Earlier this week I had the honor of judging a competition for the Park West Camera Club. I had done this one other time a few months ago, but on that night it was 3 of us anonymously rating the images 1-10, which was fun and interesting though at times surprisingly difficult. On Monday however I was the only judge, and not only did I have to grade them A B or C but I had to give comments on why. Now this would be fine for a handful of pictures, but I there were something like 68 digital images, 30 prints, and 16 slides over the course of over 2 hours. It doesn't need to be said, but it was mentally exhausting.
However it was fun nonetheless and many of the people came up after and asked me questions about my comments even when I was negative, everyone seemed to take them well. The thing is, it's just one person's opinion, mine. I started the whole thing off by saying that I was going to be honest and not sugarcoat anything, but if you disagree with me well then disregard everything I say and make your art the way you want to make it.
That's the question really, who am I to be commenting on their work as some sort of expert. I mean, I know how to take a picture and everything but there's so much more in there. Maybe I'm cranky today, maybe I don't like cats or pretty landscapes or whatever. For example, I definitely have a bias against that nasty WAY overcooked HDR look that was all the rage a couple of years ago. There are people who do it amazingly well, but most don't. And so HDR photos tended to lose points for it even though someone else may have said it was a lovely image. And some of the photos were lovely. Some of these photographers are really great. I guess you've got to take comments with a big giant grain of salt. I've had big dog photographers tell me to remove certain images from my portfolio which another big dog said was some of my best work. You just never know.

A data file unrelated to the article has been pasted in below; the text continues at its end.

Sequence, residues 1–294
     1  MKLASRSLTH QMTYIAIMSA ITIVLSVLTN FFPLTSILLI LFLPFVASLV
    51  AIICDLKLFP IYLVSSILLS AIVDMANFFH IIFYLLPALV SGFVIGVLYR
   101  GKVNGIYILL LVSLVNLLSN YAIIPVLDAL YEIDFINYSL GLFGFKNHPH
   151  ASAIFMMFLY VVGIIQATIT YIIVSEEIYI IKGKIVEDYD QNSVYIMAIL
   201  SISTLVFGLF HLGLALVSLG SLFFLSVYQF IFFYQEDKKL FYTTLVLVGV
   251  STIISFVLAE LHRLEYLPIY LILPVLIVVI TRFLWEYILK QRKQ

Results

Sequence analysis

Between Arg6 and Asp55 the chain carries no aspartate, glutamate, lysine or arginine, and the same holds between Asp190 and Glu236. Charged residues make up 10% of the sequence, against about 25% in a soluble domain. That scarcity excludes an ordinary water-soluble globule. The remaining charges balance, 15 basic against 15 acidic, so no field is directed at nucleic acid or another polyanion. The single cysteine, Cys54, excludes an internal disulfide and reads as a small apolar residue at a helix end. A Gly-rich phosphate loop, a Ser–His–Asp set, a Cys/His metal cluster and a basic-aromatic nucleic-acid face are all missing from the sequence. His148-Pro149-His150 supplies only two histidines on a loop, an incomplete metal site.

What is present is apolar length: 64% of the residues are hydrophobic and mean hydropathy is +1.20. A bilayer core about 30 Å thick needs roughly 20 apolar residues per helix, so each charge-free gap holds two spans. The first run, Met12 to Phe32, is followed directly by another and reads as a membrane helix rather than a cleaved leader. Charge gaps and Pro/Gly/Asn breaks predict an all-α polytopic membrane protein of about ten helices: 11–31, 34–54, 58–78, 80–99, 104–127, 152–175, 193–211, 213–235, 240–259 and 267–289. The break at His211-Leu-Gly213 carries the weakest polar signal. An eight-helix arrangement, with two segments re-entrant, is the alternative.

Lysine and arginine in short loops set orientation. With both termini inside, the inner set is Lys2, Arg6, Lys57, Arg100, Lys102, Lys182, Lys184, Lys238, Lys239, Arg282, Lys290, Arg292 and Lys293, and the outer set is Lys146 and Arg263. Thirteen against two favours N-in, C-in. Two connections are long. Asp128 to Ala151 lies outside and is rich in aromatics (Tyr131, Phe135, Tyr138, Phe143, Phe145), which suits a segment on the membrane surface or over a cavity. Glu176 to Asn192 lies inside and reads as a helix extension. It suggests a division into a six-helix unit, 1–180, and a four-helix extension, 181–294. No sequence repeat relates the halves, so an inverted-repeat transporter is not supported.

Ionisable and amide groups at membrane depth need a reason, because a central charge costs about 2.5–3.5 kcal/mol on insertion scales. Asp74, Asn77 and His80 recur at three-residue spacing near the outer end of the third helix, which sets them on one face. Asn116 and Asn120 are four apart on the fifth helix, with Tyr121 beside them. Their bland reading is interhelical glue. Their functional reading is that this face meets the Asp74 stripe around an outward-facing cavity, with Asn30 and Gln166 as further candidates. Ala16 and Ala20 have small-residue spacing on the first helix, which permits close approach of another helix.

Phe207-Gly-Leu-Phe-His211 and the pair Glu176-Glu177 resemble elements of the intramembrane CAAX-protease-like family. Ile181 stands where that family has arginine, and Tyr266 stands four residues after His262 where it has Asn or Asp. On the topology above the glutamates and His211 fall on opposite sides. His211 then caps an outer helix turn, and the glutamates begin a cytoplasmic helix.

The funny thing is that when I was looking at the images and making the comments it felt pretty natural, because I was doing to them what I do to my own work while I'm editing down a shoot or retouching. Photography is truly an iterative pursuit for me. How can I take this image and make it better? Ok, how can I make it better than that? More contrast? Less saturation? Straighten? Crop? Some of you might be thinking that I'm taking all of the beautiful chaos out of it, and you might be right. But I've learned that most of the images I'm drawn to were not a result of chance, but rather that of pure determination. I was hard on them the other night, but I'm even harder on myself most of the time. Maybe I should give a class just on image review and choosing the best shots. That could be interesting.
I think if there were a comment that overarched the whole thing is that many of the photographs felt like the photographer was scared to make a decision. Either they need to be wider to show more of the surroundings or they need to crop in and highlight the important stuff. Instead too many of them sat on some kind of middle ground of mediocrity where they wouldn't offend anybody at all but also didn't really connect with anybody either.
A number of people came up to me after and said I was one of the better judges they've had which I take as a high compliment. Mostly it just makes me more eager to find a way to teach, and not a workshop kind of thing, but a proper class where I can really dig in with a group over the course of a semester. Need to look into that. At any rate, it was a fun evening and I'd like to thank the club for asking me back as it was a great experience yet again.